Posted by: Rasma R | September 15, 2013

Lemmenjoki National Park, Northern Finland

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I wonder if all those people who once shouted, “There’s gold in dem dar hills!” in the U.S. during the Gold Rush knew that all the way across the ocean in Finland there was gold as well. Lemmenjoki National Park was founded in 1956 and is located in Inari and Kittila municipalities in Lapland. With the area it occupies this is one of the biggest national parks in Finland and among the largest in Europe. It is named after the river which flows though it the Lemmenjoki River.

Here in the summertime people can be seen digging for gold on forty claims. The park gets about 10,000 visitors annually and most of them are backpackers. The national park has many marked paths and there are also some bridges. Boats are available for those who want to travel on the river. Backpackers can stay here for awhile as there are over ten free wilderness huts available and three special ones which have to be paid for and can be booked.

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Within the park is the Sallivaara Reindeer Roundup Site just southwest of Inari. It was used by Sami reindeer herders two times a year until 1964. In 1997 the Sallivaara reindeer corrals and cabins were reconstructed and now visitors can stay overnight in one of the huts. Lots of visitors come here in the spring and summer as the nearby wetlands provide great opportunity for bird-watching.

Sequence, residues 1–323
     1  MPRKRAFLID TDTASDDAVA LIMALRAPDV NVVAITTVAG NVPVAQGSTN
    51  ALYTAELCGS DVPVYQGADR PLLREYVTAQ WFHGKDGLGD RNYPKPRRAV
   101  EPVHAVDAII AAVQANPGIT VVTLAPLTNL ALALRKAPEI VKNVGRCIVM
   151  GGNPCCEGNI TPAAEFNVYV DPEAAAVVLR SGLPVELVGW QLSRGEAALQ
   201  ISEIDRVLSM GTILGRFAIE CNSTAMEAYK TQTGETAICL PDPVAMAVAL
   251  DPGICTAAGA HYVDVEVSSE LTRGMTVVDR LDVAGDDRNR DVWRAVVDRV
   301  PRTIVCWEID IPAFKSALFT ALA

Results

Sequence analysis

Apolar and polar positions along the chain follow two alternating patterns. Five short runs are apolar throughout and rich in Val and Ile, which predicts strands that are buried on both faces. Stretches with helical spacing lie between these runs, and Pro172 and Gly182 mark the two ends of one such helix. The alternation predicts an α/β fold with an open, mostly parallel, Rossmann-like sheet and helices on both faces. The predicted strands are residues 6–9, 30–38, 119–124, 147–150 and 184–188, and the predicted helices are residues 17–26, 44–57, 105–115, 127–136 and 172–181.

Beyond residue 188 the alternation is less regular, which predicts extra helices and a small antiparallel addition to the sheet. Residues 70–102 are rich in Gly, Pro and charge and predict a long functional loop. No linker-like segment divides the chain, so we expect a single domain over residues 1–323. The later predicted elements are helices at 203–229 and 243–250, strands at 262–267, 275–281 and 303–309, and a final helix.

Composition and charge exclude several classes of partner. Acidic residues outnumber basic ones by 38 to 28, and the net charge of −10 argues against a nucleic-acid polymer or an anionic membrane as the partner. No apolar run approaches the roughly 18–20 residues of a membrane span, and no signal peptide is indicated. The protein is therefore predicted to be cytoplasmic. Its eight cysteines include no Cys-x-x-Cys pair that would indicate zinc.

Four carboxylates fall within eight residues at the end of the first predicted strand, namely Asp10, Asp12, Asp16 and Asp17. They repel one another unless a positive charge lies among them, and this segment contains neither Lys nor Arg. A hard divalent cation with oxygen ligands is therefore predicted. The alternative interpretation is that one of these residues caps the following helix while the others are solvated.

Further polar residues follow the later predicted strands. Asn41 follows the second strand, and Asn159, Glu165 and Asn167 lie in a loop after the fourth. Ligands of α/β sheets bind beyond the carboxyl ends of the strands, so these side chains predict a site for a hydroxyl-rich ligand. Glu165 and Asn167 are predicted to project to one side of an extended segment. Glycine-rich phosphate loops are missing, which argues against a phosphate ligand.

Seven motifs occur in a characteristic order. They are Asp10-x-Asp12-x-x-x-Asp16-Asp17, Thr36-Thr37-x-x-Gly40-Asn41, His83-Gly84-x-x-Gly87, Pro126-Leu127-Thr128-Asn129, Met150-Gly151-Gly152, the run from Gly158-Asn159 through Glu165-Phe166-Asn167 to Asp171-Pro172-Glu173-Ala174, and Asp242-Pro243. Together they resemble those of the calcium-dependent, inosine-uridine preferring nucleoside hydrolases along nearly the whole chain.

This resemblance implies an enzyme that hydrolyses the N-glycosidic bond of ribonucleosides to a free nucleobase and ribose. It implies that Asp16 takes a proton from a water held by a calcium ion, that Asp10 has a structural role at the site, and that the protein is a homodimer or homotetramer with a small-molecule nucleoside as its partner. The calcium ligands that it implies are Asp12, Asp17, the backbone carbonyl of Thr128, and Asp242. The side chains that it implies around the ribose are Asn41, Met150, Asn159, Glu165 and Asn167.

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For those who enjoy trekking there is a 4km nature trail that starts at Njurgulahti and is great for families with children. Between Kultala and Ravadasjarvi huts you’ll find an 18km loop which takes visitors to some of the most interesting gold-panning areas. There are boat services available in the summertime and visitors can cruise the Lemmenjoki Valley taking them from Njurgulanti village to the Kultahamina wilderness hut at Kultasatama or Gold Harbor. The course of the river can also be followed along a 20km marked trail so some visitors prefer to take a boat one way and hike back the other.

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